Stand Up Paddle Boarding and Stand Up Paddle Surfing remain all the rage in Hawaii. It is brought to mind courtesy of Google, which today featured the image of Duke Kahanamoku, to honor the 125th anniversary of his birth. Surfing was immortalized by Olympic swimmer Duke in the 1920s. A statue in his memory is found on Waikiki Beach.
Visitors can take the opportunity to try it during ideal calm conditions. Stand up surfing, also known as supping, has become extremely popular among both locals and visitors. It is highlighted again this week at the Annual Duke’s Oceanfest, a weeklong surfing celebration which takes place at Waikiki Beach, and is sponsored by the Outrigger Duke Kahanamoku Foundation. The event, going on through August 30, 2015, honors the legacy of Duke.
Supping consists of standing on a modified long (9-11 foot) surfboard and using a canoe paddle as an oar. Boards with a soft surface are easier for learning. But while it may look easy, in reality it is not, requiring good coordination. Therefore, it is most easily learned in calm, wind-free conditions. Obviously it is essential that you have appropriate swimming capabilities for supping.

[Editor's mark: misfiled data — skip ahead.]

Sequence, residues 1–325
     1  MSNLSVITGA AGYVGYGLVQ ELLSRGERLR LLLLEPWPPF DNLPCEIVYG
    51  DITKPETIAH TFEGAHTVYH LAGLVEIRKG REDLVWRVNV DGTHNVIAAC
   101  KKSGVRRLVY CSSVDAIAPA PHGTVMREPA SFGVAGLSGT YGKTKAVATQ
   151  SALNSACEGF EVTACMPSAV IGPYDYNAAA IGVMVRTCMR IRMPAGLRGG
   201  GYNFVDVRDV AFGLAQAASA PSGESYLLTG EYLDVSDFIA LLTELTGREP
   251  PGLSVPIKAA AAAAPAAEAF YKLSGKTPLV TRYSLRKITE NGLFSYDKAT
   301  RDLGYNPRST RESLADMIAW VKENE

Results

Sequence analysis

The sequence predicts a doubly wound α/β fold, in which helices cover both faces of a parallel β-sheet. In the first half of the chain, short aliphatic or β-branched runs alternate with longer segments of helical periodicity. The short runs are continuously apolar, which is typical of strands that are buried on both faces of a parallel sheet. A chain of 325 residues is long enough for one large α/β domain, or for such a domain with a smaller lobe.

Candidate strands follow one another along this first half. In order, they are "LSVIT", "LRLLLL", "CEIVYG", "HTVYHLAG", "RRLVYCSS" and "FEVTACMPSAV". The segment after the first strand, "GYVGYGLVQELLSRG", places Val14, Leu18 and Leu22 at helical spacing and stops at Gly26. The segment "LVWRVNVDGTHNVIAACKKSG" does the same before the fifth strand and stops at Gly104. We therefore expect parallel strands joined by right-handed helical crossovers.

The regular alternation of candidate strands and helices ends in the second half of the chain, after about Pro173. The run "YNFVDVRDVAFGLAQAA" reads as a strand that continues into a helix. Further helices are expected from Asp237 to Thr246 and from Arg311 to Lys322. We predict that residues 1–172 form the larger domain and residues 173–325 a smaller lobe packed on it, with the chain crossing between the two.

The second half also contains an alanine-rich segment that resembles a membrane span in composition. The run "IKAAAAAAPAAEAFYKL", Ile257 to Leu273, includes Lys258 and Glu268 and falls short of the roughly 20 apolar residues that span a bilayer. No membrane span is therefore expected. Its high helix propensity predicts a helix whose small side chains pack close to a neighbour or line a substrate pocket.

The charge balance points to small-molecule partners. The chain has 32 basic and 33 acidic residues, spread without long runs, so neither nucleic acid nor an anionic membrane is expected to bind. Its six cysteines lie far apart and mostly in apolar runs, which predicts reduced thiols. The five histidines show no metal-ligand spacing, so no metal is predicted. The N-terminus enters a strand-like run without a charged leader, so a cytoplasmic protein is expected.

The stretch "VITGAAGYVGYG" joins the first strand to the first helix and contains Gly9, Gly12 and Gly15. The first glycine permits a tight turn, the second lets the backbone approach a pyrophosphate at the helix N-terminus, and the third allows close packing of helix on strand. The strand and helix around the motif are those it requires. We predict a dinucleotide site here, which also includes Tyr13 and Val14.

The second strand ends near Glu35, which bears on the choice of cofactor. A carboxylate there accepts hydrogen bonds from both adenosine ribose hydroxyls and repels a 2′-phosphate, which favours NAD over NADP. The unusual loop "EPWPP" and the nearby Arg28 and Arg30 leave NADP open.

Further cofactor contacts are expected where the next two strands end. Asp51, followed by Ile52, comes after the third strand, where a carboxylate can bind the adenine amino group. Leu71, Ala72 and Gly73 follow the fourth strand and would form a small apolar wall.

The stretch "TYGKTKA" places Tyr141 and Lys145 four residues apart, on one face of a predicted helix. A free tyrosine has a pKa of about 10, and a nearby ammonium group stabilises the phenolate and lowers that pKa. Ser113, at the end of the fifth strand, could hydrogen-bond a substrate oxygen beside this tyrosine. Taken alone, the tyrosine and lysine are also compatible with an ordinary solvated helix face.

Surfing has long played a role in Hawaiian culture. Once reserved exclusively for royalty, surfers would often travel from North to South shores to find the best year round conditions. Most all local surf schools are now offering standup (or “sup”) lessons. Just call and ask. Hotels are also taking advantage of the interest in SUP among visitors, with many of them offering lessons and board rentals as well. For more information, check out Stand Up Zone, a blog and forum dedicated to the sport.
This is a great time to try Stand Up Paddle Boarding. The high season crowds have left and the prices have dropped. Check out Alaska Airlines and Hawaiian Airlines for late summer and fall prices. Also check out our latest update on The Cheapest Time to Fly to Hawaii.